|By Dave Peyton|
(Wed., January 31st)
David Felinton may be getting
most of the publicity
in these parts for winning the
mayors race in
Huntington at the age of 25, but
hes not the
youngest public official to have
been elected in the
state last November.
That honor probably goes to Jason Nettles, a
20-year-old who won the
Calhoun County assessors race.
Calhoun County, in central West Virginia, has only
about 8,000 people. The
average age of folks there is even older than West
Virginias average. And
yet, they elected a 20-year-old to be their
How did Nettles do it? A lot of shoe leather and
plywood donkeys, he says.
Nettles may be a member of Generation X, but first
and foremost hes a
West Virginian and a Calhoun County native. Folks
in the southern part of
the county around Nicut, where he was born, knew
him. But his task was to
get voters in the northern part of the county to
vote for him. To do that, they
had to become acquainted with him.
Thats where his door-to-door campaign helped, he
said. In addition to going
house to house, he put thousands of miles on his
Jeep getting around the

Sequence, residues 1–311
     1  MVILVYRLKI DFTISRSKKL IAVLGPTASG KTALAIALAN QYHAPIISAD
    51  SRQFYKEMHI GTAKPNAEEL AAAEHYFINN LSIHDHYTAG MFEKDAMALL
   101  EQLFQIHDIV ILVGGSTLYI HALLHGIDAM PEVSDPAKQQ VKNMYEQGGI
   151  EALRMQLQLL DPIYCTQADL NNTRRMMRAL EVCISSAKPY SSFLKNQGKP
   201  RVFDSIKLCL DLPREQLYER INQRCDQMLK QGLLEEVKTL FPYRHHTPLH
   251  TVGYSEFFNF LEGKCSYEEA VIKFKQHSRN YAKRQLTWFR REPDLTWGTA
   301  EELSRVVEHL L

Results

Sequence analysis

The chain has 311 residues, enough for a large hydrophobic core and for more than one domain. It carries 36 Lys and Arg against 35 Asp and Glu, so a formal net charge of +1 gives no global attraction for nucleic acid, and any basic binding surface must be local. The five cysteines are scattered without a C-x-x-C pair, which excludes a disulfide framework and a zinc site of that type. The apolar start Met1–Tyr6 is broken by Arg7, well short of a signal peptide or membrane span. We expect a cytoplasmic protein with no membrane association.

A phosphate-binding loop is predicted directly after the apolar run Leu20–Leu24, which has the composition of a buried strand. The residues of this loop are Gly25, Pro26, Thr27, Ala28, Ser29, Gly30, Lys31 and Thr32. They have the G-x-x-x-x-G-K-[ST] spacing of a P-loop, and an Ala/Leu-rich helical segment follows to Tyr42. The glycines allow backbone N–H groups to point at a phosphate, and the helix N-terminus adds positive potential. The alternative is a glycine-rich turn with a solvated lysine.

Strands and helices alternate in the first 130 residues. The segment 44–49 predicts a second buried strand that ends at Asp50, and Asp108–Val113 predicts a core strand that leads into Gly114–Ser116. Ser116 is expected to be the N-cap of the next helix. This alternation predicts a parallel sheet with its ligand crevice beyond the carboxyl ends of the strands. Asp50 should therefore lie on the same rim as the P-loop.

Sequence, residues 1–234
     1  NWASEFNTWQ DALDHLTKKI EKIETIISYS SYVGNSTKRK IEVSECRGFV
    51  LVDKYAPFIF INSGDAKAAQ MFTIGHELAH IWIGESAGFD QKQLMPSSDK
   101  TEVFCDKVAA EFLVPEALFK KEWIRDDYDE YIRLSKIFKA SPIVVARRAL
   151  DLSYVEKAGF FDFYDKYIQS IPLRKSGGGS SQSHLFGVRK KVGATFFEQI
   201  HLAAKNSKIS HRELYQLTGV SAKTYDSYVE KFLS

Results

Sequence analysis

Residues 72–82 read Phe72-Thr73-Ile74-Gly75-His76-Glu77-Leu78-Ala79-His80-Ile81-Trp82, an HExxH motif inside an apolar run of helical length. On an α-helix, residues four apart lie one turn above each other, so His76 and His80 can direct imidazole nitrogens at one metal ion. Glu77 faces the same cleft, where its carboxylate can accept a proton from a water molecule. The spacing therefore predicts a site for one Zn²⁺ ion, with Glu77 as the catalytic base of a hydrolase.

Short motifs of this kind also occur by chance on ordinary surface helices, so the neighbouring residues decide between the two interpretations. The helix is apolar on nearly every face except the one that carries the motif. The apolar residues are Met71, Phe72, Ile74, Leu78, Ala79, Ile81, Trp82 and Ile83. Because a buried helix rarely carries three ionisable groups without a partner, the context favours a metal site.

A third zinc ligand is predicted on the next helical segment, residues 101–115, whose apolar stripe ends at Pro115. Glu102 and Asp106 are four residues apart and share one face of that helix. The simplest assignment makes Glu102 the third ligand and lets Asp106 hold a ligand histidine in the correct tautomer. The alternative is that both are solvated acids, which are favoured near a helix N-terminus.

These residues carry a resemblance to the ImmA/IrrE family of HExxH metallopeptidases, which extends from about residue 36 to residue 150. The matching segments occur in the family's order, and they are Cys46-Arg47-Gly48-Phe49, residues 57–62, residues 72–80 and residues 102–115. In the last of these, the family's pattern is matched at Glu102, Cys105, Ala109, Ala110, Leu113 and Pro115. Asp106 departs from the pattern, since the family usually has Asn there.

"Jason is just a really good person, really
focused. Hes known since he was
12 years old that he wanted to go into politics,"
said Dianne Weaver of the
unincorporated Calhoun County town of Hur. She and
her husband, Bob,
publish The Hur Herald, an online newspaper you can
"And of course, those donkeys helped a lot," Weaver
Nettles, a Democrat, said he began his campaign by
cutting a few donkeys
out of plywood and painting his campaign signs on
"People would see them in yards and ask if I could
make them one of those
donkeys," Nettles said. "I made nearly 200 of them
and people still ask me
today if I can get one of those donkeys to put in
Nettles said he got considerable razzing from some
folks about his tender
age. "But I just convinced them that I could do the
job and that I would be
honest and serve the public the way Im supposed
to," he said.
He beat a 50-year-old opponent in the Democratic
primary and a
Republican opponent in the general election to win
the job as assessor.
"Jasons biggest job is to convince county folks
that things are changing, that
the way government used to work isnt the way it
works today. And I think
hes doing a good job of doing just that," Weaver
Meanwhile, Nettles is looking to the future.
"Ill be assessor for eight years, then Ill go on
to be a delegate to the
Legislature for eight years, and then Ill run for
governor," he said.
To prepare himself educationally, hes enrolled at
nearby Glenville State
College, where hes majoring in business
administration and minoring, of
course, in political science.
Dave Peyton is a columnist for The
Herald-Dispatch. His telephone
number is 526-2790 and his e-mail address is